The Tutor’s Daugher by Julie Klassen – 3 stars (out of 5)


The Tutor's Daughter

The Tutor’s Daughter is Julie Klassen’s latest Christian Historical Romance. I’ve read and mostly enjoyed most of her books, though my favorite has always been The Apothecary’s Daughter (no, they’re not all titled after someone’s daughter).  The Tutor’s Daughter follows Emma Smallwood as she travels with her father away from their fledgling school to become private tutors to prominent family, the Westons. Two of the Weston sons, Henry and Phillip, previously attended the Smallwood’s school and Emma had very different relationship with them. Henry was antagonistic towards Emma and liked to play pranks on her. Phillip was sweet and friendly. And you will never guess who she ends up with.

The Smallwoods are greeted coolly by Lady Weston, Henry and Phillip’s stepmother, whose sons, twins Julian and Rowen, are supposed to be tutored. Sir Giles Weston is affable, but generally absent. Also residing with the Smallwoods is Lady Weston’s ward, Lizzie, who strikes up a friendship with Emma, but is hesitant to talk about her past.

Emma is tormented through increasingly threatening pranks and a good deal of the story is dedicated to trying to discover who is behind them. Other central themes include discovering the secret of the North Wing, which is figured out about half way through (I found this plot development reminiscent of Jane Eyre);  Emma’s growing friendship with and affection for Henry; and Henry’s desire to help rescue shipwrecked sailors, which there is apparently a lot of in their coastal town.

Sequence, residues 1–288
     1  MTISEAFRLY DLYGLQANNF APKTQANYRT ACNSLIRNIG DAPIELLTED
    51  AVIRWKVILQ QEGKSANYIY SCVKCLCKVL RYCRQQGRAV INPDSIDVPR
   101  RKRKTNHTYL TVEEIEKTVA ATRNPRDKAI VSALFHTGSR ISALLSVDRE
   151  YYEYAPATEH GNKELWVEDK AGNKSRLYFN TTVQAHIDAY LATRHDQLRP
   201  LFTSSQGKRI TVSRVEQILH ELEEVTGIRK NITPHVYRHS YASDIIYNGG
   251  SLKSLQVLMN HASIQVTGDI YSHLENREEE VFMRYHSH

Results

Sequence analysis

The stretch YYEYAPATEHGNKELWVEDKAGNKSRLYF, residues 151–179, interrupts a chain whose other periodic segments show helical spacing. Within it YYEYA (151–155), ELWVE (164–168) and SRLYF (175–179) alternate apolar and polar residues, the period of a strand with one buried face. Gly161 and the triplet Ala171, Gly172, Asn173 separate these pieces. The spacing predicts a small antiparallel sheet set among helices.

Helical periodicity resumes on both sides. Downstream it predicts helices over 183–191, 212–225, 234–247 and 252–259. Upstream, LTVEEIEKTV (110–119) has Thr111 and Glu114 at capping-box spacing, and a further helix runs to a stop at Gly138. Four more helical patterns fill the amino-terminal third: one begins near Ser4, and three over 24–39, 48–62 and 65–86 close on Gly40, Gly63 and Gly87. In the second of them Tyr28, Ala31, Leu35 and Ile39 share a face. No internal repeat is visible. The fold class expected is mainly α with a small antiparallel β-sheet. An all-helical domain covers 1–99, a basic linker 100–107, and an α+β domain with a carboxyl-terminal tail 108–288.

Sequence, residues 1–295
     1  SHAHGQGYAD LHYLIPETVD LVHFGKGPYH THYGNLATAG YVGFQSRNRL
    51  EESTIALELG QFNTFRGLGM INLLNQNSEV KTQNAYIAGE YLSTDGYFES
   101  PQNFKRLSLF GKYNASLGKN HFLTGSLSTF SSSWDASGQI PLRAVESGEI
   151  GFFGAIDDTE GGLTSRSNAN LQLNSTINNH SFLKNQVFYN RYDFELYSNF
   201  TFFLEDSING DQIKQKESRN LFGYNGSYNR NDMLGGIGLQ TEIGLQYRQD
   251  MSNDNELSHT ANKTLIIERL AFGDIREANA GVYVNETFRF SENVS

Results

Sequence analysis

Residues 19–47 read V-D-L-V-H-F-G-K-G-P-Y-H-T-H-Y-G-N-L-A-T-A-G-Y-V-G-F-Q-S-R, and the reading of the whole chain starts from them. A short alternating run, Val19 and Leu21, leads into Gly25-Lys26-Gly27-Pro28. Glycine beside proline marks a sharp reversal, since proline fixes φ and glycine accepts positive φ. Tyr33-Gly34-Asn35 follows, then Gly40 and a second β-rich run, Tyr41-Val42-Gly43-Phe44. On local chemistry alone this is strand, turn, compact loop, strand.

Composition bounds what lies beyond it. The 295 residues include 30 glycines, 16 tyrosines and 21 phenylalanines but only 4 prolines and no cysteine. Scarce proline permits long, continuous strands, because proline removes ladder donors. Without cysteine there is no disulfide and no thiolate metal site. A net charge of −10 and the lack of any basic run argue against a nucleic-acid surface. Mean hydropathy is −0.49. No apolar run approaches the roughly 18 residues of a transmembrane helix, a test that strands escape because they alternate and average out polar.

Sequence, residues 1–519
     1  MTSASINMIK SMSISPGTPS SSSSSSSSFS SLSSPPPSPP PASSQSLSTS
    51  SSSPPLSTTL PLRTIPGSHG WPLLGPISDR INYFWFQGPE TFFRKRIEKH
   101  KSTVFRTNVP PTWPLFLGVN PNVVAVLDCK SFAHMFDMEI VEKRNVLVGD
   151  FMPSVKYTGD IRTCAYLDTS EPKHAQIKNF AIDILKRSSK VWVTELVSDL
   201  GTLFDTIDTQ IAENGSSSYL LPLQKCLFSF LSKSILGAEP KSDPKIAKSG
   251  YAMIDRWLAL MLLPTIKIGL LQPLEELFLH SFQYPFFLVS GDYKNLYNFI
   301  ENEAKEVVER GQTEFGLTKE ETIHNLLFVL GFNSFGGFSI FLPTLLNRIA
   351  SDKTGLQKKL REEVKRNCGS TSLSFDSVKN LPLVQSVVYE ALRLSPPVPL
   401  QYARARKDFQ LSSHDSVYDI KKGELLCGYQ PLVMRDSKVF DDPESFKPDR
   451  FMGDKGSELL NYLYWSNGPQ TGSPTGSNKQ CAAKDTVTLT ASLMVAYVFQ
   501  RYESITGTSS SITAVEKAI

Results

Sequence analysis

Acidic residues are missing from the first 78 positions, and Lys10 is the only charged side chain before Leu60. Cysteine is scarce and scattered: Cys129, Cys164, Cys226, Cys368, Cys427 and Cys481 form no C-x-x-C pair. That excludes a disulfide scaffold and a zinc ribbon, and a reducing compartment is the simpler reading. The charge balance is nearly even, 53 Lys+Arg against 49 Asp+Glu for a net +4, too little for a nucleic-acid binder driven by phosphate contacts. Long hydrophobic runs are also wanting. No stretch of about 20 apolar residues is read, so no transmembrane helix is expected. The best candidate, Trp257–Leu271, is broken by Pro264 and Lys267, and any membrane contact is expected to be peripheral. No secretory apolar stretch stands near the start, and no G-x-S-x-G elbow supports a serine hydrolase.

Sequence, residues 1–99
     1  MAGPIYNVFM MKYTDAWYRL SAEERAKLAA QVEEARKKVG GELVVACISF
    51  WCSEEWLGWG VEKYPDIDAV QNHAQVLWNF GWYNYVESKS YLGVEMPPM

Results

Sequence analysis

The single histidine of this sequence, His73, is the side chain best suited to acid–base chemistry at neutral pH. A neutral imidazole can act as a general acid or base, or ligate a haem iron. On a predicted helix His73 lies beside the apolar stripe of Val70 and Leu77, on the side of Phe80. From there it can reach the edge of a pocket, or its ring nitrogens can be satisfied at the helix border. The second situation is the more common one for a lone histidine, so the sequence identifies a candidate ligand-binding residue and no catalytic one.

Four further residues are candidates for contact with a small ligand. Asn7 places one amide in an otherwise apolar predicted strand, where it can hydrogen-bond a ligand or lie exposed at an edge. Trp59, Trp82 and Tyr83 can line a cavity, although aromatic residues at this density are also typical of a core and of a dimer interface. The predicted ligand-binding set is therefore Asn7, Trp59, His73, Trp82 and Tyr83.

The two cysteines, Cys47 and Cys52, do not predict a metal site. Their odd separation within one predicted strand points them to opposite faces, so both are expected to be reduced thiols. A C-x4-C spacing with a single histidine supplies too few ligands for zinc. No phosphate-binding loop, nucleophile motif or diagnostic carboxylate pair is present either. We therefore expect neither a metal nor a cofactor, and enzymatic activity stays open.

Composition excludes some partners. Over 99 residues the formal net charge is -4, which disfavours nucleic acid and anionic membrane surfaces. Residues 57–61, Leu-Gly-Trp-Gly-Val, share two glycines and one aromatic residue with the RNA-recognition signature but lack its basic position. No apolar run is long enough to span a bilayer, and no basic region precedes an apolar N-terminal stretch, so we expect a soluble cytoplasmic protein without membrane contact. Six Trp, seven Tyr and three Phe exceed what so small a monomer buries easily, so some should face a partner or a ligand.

I felt like there was too much going on and it was all happening very slowly. The pranks on Emma were mostly nothing more than an annoyance, until the final one that actually is life threatening. The discovery in the North wing was not very surprising and there was too much build up for it.

The romance between Emma and Henry, like all of Klassen’s romances, was sweet and probably the most enjoyable part of the book. It felt organic, developing over time and not “at first sight”. The only bad thing I’ll say about it is the cliché of falling for the man you initially can’t stand. But this is no surprise to readers of Romance novels or viewers of Chick Flicks.